Addressing a webinar on the Indo-China crisis, the former northern army commander, Lt Gen Hooda stated, ‘We are looking at responding to a regular military (on Chinese side). There are limitations in the way ITBP can respond, not because the soldiers or officers are lacking, but because they don’t have the organisational structure and capability to react to it.’ No other country has a multitude of forces handling border security, responding to different ministries, while the responsibility rests with a third force. It is the bane of the Indian democratic system, where fear of a powerful armed force has precluded successive governments from assessing vital national security issues without blinkers.
The ideal concept for a nation like India should be one border, one force, one commander responsible. Translated into the Indian context, this implies that un-demarcated borders, LOC and LAC, should remain the responsibility of the army and accepted international borders as the responsibility of the BSF/SSB, whichever is deployed. In the broader context, the defence ministry, with the CDS or defence minister responsible, should be tasked for active borders, while the Home Ministry for passive borders. The battle of turfs between ministries must be shelved and forces deployed along these borders placed under the force responsible for its security.
The proposed arrangement would also ensure optimum employment of CAPFs responsible for securing borders. Almost one-third of force levels of most ITBP and BSF battalions, deployed in sensitive regions, are located away from their theatre for meeting other commitments under the home ministry, including the security of individuals, denuding force levels actually deployed for carrying out their tasks. It is possibly the thought of losing the manpower which results in the home ministry refusing to accept that national border management is primary and must receive due to importance.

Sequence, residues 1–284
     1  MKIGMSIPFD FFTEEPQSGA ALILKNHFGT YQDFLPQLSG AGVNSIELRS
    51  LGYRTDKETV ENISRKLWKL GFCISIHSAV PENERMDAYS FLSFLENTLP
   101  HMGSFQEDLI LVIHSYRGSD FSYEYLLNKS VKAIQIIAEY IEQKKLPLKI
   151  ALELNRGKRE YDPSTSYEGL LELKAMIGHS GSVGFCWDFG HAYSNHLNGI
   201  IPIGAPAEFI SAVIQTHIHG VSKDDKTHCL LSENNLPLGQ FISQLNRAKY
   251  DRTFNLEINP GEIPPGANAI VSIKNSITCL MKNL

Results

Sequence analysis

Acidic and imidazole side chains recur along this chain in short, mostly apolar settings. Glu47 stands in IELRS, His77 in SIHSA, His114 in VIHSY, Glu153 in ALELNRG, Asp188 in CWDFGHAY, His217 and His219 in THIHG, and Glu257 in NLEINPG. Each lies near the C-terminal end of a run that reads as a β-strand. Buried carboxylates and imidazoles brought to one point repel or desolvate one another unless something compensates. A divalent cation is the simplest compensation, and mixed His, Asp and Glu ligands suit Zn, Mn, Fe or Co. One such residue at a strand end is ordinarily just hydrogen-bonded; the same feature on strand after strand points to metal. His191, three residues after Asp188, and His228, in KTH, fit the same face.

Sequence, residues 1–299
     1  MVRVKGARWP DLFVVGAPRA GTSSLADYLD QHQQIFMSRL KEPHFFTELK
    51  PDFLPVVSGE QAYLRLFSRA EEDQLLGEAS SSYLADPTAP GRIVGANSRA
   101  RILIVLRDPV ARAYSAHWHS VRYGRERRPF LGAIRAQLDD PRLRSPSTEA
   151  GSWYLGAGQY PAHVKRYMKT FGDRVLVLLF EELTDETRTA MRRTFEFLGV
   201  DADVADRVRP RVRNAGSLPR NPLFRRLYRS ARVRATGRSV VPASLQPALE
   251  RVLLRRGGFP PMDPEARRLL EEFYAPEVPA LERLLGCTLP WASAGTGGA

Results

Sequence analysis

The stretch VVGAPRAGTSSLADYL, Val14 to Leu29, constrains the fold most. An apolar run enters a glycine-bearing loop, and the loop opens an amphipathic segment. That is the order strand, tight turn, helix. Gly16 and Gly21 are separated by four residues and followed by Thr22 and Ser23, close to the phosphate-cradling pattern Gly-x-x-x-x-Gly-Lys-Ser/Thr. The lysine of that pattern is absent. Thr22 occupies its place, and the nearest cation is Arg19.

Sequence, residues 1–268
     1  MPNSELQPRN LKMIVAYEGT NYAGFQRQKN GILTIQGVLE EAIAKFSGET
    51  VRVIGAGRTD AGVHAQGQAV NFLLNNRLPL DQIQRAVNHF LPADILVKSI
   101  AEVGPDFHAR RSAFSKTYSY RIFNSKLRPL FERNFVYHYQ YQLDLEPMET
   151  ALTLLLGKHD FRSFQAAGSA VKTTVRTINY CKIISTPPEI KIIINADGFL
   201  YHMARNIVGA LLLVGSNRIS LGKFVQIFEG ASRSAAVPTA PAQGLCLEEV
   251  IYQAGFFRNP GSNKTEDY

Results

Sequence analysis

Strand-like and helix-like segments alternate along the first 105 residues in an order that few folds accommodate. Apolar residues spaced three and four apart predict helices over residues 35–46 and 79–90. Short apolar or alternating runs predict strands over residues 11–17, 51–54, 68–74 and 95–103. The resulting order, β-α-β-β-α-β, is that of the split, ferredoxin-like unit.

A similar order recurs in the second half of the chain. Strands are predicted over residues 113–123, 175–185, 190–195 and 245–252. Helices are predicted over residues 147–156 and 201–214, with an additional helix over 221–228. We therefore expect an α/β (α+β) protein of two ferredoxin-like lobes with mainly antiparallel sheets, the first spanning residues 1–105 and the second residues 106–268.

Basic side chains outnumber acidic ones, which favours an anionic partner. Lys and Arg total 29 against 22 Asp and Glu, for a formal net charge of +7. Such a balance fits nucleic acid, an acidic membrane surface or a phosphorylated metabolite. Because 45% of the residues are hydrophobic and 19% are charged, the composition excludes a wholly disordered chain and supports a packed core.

The second aspect is the induction of IPS in senior ranks of the CAPFs, who are averse to serving under army control, as they lack tactical, strategic and operational understanding, having spent their lives in policing tasks. To protect their turfs, it appears that they are willing to forgo essential national security responsibilities.
Similarly, the navy is responsible for securing India’s coastal security, but without the command of the Coast Guard. This is absurd, as unless the two forces work for hand in glove and operate under a single commander, coordinated security can never be ensured. It is with this background that for establishing the maritime command, the navy has sought to bring the coast guard under it.
In the eyes of the national public, it is the armed forces responsible for border security, whereas the reality is different. The army has in place plans for defending borders but with the forces operating under different ministries, officered at the apex level by IPS, there will never be cohesion. The end result would be firefighting, an act the army is forced to adopt. Ultimately, it is left to the ingenuity of force commanders on the ground to evolve a working environment, which is not conducive for national security. The most ideal solution should be one border, one force, one commander responsible. All elements deployed must be under this command. It is time to drop inter-ministerial ego’s and give national security its due weightage.